Before I found Forrest Yoga I lived mostly in my head, I had never thought of myself as a sporty type, and my body was weak. As a result of a few years of doing a regular Forrest practice almost accidentally I became physically quite strong, and that’s how I went into pregnancy. Even though my practice got more and more gentle as my bump grew, my still-strong body was able to cope pretty well with the extra weight I was carrying, and because my joints were well supported with muscle I had relatively little pain in my back and hips. That meant I could keep fairly active, which is very good news for any body, let alone a pregnant one! The point at which I was most glad of having physical strength, though, was after the birth. I ended up having an emergency c-section (thank heavens for the NHS!) and yet was up and about, able to move myself in and out of bed and take short walks along the hospital corridors within 24 hours. It made an enormous difference, especially because birth is only the very beginning - suddenly I had a fast-growing boy to lift and carry and rock and walk to sleep, and the real weight-training had begun!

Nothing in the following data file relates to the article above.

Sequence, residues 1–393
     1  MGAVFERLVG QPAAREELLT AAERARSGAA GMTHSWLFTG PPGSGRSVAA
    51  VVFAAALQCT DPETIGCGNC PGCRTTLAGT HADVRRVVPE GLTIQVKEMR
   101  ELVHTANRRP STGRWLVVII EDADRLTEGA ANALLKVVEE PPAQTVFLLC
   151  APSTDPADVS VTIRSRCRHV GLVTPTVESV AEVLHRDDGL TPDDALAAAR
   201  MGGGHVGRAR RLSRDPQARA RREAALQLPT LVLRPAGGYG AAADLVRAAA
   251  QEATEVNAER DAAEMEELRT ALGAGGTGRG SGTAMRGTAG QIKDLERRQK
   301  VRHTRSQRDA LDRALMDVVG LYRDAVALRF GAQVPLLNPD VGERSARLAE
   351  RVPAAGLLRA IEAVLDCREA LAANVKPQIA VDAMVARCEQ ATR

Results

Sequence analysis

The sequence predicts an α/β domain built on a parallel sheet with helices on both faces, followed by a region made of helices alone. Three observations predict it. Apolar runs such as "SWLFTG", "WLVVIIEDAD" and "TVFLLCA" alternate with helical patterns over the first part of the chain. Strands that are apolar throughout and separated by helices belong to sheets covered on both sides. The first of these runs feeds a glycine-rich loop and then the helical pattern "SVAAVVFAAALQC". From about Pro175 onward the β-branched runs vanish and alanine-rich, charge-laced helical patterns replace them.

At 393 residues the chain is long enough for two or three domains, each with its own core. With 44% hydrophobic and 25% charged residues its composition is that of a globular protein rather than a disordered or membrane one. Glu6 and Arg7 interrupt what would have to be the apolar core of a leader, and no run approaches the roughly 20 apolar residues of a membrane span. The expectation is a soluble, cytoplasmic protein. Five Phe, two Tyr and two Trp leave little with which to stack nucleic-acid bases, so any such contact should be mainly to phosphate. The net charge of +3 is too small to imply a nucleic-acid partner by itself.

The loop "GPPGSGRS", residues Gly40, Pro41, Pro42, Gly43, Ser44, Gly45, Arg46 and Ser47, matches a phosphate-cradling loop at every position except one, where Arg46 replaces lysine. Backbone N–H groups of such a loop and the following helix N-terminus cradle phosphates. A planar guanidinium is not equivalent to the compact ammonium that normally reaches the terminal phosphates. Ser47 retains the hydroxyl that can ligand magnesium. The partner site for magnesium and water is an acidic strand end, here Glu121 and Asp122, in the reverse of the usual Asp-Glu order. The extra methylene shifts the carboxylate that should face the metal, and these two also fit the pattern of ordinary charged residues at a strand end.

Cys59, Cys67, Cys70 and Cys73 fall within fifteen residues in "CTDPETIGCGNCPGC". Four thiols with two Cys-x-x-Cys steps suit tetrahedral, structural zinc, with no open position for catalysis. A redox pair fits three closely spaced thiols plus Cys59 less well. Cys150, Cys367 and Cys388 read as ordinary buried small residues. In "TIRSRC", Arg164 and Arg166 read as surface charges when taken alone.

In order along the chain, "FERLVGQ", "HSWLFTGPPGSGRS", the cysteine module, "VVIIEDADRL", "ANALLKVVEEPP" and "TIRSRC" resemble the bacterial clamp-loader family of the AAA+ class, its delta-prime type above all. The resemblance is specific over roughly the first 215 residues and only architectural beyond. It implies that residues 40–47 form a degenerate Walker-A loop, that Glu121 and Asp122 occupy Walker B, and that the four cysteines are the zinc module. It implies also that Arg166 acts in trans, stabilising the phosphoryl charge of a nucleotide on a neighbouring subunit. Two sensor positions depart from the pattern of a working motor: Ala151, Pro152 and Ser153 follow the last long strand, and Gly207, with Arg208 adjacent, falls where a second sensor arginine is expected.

‘It Takes The Time It Takes’

This little phrase, courtesy of the wonderful Forrest Yoga Guardian Heidi Sormaz, has come to my rescue many times in recent months. In the last weeks of pregnancy it helped dispel any impatience I felt for the baby to arrive, and I could remind myself that he had some important growing to do before he was ready for this world. In the first weeks of recovery from the major abdominal surgery of a c-section it helped me meet limited movement, aches, pains and cabin fever with breath and patience, and infinite wonder at the body’s amazing capacity to heal. And now, beginning to get to know my new post-baby body, it is helping me to approach the slow, slow mending of diastasis recti (separation of the abdominal muscles) and of several layers of scar tissue with curiosity and excitement for the journey.

‘What Part of This Can I Do?’